Collaborating Authors

Neural Machine Translation using a Seq2Seq Architecture and Attention (ENG to POR)


Neural Machine Translation (NMT) is an end-to-end learning approach for automated translation [1]. Its strength comes from the fact that it learns the mapping directly from input text to associated output text. It has been proven to be more effective than traditional phrase-based machine translation, which requires much more effort to design the model. On the other hand, NMT models are costly to train, especially on large-scale translation datasets. They are also significantly slower at inference time due to the large number of parameters used.

Neural Translation Model with Attention


In this post, I walk through how to build and train an neural translation model with attention. This model will be used to translate French to English. This post will focus on the conceptual explanation, while a detailed walk through of the project code can be found in the associated Jupyter notebook. This notebook can be viewed here or cloned from the project Github repository, here. This project closely follows the PyTorch Sequence to Sequence tutorial, while attempting to go more in depth with both the model implementation and the explanation. We are trying to build a translation model. One model that has been successful in this task is an Encoder-Decoder network.

Neural Machine Translation with Sequence to Sequence RNN - DATAVERSITY


Click to learn more about author Rosaria Silipo. Automatic machine translation has been a popular subject for machine learning algorithms. After all, if machines can detect topics and understand texts, translation should be just the next step. Machine translation can be seen as a variation of natural language generation. In a previous project, we worked on the automatic generation of fairy tales (see "Once upon a Time … by LSTM Network").

Syntax-Infused Transformer and BERT models for Machine Translation and Natural Language Understanding Machine Learning

Attention-based models have shown significant improvement over traditional algorithms in several NLP tasks. The Transformer, for instance, is an illustrative example that generates abstract representations of tokens inputted to an encoder based on their relationships to all tokens in a sequence. Recent studies have shown that although such models are capable of learning syntactic features purely by seeing examples, explicitly feeding this information to deep learning models can significantly enhance their performance. Leveraging syntactic information like part of speech (POS) may be particularly beneficial in limited training data settings for complex models such as the Transformer. We show that the syntax-infused Transformer with multiple features achieves an improvement of 0.7 BLEU when trained on the full WMT '14 English to German translation dataset and a maximum improvement of 1.99 BLEU points when trained on a fraction of the dataset. In addition, we find that the incorporation of syntax into BERT fine-tuning outperforms baseline on a number of downstream tasks from the GLUE benchmark. Introduction Attention-based deep learning models for natural language processing (NLP) have shown promise for a variety of machine translation and natural language understanding tasks. For word-level, sequence-to-sequence tasks such as translation, paraphrasing, and text summarization, attention-based models allow a single token ( e.g., a word or subword) in a sequence to be represented as a combination of all tokens in the sequence (Luong, Pham, and Manning, 2015).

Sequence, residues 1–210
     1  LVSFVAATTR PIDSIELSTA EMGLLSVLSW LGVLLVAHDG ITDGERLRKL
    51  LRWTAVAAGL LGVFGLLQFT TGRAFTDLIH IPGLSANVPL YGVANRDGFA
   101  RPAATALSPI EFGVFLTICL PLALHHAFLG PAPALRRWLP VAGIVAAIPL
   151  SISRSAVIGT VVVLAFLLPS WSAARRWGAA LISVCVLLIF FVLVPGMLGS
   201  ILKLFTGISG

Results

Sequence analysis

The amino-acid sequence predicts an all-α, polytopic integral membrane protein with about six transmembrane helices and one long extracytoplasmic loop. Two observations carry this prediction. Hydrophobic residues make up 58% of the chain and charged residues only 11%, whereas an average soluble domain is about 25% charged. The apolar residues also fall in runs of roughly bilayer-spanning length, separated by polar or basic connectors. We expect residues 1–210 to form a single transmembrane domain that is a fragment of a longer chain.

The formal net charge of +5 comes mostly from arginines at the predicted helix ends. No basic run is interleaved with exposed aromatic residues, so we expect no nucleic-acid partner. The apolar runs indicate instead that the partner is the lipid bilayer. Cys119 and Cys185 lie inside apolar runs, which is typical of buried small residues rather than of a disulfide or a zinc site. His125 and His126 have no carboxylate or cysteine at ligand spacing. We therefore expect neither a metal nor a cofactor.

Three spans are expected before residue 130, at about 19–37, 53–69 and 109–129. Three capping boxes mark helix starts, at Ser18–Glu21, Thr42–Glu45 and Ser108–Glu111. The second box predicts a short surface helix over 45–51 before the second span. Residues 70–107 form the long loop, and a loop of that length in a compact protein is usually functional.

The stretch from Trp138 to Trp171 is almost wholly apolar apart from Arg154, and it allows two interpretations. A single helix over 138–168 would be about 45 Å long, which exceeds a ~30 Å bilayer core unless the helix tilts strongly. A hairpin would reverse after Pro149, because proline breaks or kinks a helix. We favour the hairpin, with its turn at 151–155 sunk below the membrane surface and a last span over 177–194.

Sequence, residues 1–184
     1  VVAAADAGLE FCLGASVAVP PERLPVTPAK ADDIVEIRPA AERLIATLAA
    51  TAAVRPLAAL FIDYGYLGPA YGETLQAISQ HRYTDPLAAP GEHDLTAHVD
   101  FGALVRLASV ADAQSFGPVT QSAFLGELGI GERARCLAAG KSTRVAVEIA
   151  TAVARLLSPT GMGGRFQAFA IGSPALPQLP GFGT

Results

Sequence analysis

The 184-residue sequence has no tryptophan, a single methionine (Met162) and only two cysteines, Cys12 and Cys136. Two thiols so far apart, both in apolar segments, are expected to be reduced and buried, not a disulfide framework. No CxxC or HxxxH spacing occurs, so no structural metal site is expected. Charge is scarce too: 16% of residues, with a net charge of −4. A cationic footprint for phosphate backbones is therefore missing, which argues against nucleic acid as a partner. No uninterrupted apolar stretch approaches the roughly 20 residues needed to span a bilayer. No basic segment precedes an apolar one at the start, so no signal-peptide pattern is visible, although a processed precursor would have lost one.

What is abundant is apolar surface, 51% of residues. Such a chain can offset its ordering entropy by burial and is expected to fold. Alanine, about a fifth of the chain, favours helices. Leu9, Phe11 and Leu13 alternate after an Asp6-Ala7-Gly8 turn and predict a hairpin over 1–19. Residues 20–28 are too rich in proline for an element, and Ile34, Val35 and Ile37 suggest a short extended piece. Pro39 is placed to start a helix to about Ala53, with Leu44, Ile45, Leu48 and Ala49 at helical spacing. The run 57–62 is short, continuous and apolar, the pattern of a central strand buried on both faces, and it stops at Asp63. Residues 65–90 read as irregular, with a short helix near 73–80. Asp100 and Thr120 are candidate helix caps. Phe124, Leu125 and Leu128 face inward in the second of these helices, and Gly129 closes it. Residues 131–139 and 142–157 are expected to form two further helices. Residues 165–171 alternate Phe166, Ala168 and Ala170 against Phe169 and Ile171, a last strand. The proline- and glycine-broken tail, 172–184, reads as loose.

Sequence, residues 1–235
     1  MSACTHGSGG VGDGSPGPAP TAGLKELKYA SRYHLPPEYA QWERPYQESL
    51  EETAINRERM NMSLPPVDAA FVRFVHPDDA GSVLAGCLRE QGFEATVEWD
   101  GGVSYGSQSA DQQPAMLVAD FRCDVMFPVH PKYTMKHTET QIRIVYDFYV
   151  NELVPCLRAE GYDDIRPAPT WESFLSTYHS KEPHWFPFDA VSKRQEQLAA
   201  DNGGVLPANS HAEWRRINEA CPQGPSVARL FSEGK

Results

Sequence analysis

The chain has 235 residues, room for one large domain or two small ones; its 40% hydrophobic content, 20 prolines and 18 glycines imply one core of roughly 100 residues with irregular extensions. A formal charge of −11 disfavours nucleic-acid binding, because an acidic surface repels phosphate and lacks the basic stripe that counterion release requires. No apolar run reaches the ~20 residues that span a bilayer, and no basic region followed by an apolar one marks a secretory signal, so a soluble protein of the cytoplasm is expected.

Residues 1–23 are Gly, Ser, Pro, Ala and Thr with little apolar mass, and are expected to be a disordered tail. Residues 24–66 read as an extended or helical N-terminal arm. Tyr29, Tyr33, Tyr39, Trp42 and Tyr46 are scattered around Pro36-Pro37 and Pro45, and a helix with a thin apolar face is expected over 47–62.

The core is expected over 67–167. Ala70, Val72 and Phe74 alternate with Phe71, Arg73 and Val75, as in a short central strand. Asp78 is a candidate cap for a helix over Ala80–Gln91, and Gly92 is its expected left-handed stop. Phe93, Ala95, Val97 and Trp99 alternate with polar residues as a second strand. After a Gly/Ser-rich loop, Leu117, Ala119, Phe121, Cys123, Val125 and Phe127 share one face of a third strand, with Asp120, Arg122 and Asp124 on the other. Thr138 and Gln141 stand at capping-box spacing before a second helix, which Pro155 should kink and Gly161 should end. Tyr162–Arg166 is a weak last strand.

Layer-Wise Coordination between Encoder and Decoder for Neural Machine Translation

Neural Information Processing Systems

Neural Machine Translation (NMT) has achieved remarkable progress with the quick evolvement of model structures. In this paper, we propose the concept of layer-wise coordination for NMT, which explicitly coordinates the learning of hidden representations of the encoder and decoder together layer by layer, gradually fromlow level to high level. Specifically, we design a layer-wise attention and mixed attention mechanism, and further share the parameters of each layer between the encoder and decoder to regularize and coordinate the learning. Experiments showthat combined with the state-of-the-art Transformer model, layer-wise coordination achieves improvements on three IWSLT and two WMT translation tasks. More specifically, our method achieves 34.43 and 29.01 BLEU score on WMT16 English-Romanian and WMT14 English-German tasks, outperforming the Transformer baseline.